Changing the opinion of such a varied group of people (Linux users) would be a huge undertaking. I agree that the definition varies too much. But wouldn't want to be the person to try and unite Linux users into a single thought of what is bloat and what isn't bloat

  6. #6
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    Re: What is "Bloat" anyway?

    bloat to me is anything actively running on a system needlessly, that I don't want.

    I could care less of an untidy kernel or a big program taking up HD space.

    Also Word compared to Abiword. I don't need 10 billion features I will never use.

  7. #7
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    Re: What is "Bloat" anyway?

    As I understand Bloat it is from the windows family and refers to all the stuff that Dell, IBM, HP, Compaq, etc. would install onto the machines which were either demos or limited function programs for the user to try and if liked to go and purchase.

    That is just my view, everyone has their own of course.

  8. #8
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    Re: What is "Bloat" anyway?

    The true meaning of bloat is inefficient code that uses more memory and/or bandwidth than it should need to use.

    But a lot of people wrongly seem to think bloat means unwanted software that is installed. Some people think that anything is bloat if it is more than a terminal with network connection so they can browse the web in text. That's not really what bloat is. What some people consider "bloat", others consider features.

    Quote Originally Posted by jmore9 View Post
    As I understand Bloat it is from the windows family and refers to all the stuff that Dell, IBM, HP, Compaq, etc. would install onto the machines which were either demos or limited function programs for the user to try and if liked to go and purchase.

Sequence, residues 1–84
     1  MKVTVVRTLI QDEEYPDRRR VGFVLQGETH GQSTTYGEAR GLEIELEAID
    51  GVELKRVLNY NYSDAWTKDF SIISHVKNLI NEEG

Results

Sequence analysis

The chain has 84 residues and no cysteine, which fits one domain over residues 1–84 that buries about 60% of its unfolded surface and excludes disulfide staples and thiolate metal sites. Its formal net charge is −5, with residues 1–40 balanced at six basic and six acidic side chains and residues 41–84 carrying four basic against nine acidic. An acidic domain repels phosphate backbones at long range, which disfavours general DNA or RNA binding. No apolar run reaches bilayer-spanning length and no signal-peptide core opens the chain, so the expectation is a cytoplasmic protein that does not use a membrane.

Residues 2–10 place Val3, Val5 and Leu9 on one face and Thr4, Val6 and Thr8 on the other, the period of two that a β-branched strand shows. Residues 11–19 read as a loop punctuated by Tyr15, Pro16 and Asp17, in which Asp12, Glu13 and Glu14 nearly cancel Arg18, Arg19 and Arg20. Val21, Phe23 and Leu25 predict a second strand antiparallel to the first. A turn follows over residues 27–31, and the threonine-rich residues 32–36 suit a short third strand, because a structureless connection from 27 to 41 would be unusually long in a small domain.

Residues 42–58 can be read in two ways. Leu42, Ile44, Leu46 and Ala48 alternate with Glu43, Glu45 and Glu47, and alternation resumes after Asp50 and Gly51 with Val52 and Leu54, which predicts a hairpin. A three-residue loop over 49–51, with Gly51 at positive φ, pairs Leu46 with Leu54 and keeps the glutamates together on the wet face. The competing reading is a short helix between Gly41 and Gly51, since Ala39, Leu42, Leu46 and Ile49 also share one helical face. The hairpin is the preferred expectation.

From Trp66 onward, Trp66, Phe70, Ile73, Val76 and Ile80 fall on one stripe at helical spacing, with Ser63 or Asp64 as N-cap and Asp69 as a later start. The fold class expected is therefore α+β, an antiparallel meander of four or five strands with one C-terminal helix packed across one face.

That is just my view, everyone has their own of course.
    That's not bloat; that's crapware.
    Today you are You, that is truer than true. There is no one alive who is Youer than You. - Dr. Seuss

  9. #9
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    Re: What is "Bloat" anyway?

    I get the impression some people see a collection of applications they don't use as 'bloat'. This is in marked contrast to the Windows approach, which is to give hardly any useful applications but lots of advertising-type crapware.
    When I upgraded from Ubuntu 9.10 to 10.04 I was surprised that the Gimp is no longer included as standard. I consider this one of the most useful applications associated with GNU/Linux. But I can just about understand the argument that it's a bit sophisticated or complex for 'casual' users'.

  10. #10
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    Arrow Re: What is "Bloat" anyway?

    To me 'bloat' implies that a program is fat for its purpose.

    Let's say you have program A that does thing X. 'A' has a binary size of 500k. Now there's another program, B, that also does thing X. Program B is faster and has a binary size of just 3k.

    I would say program A is terribly bloated.

    If a program has more features then the increased size and resource usage is justifiable, under normal circumstances. However I run into a lot of programs that either win or lose on both grounds. Some have more features and are still smaller and/or faster than another program in same category.
    Eternally confused.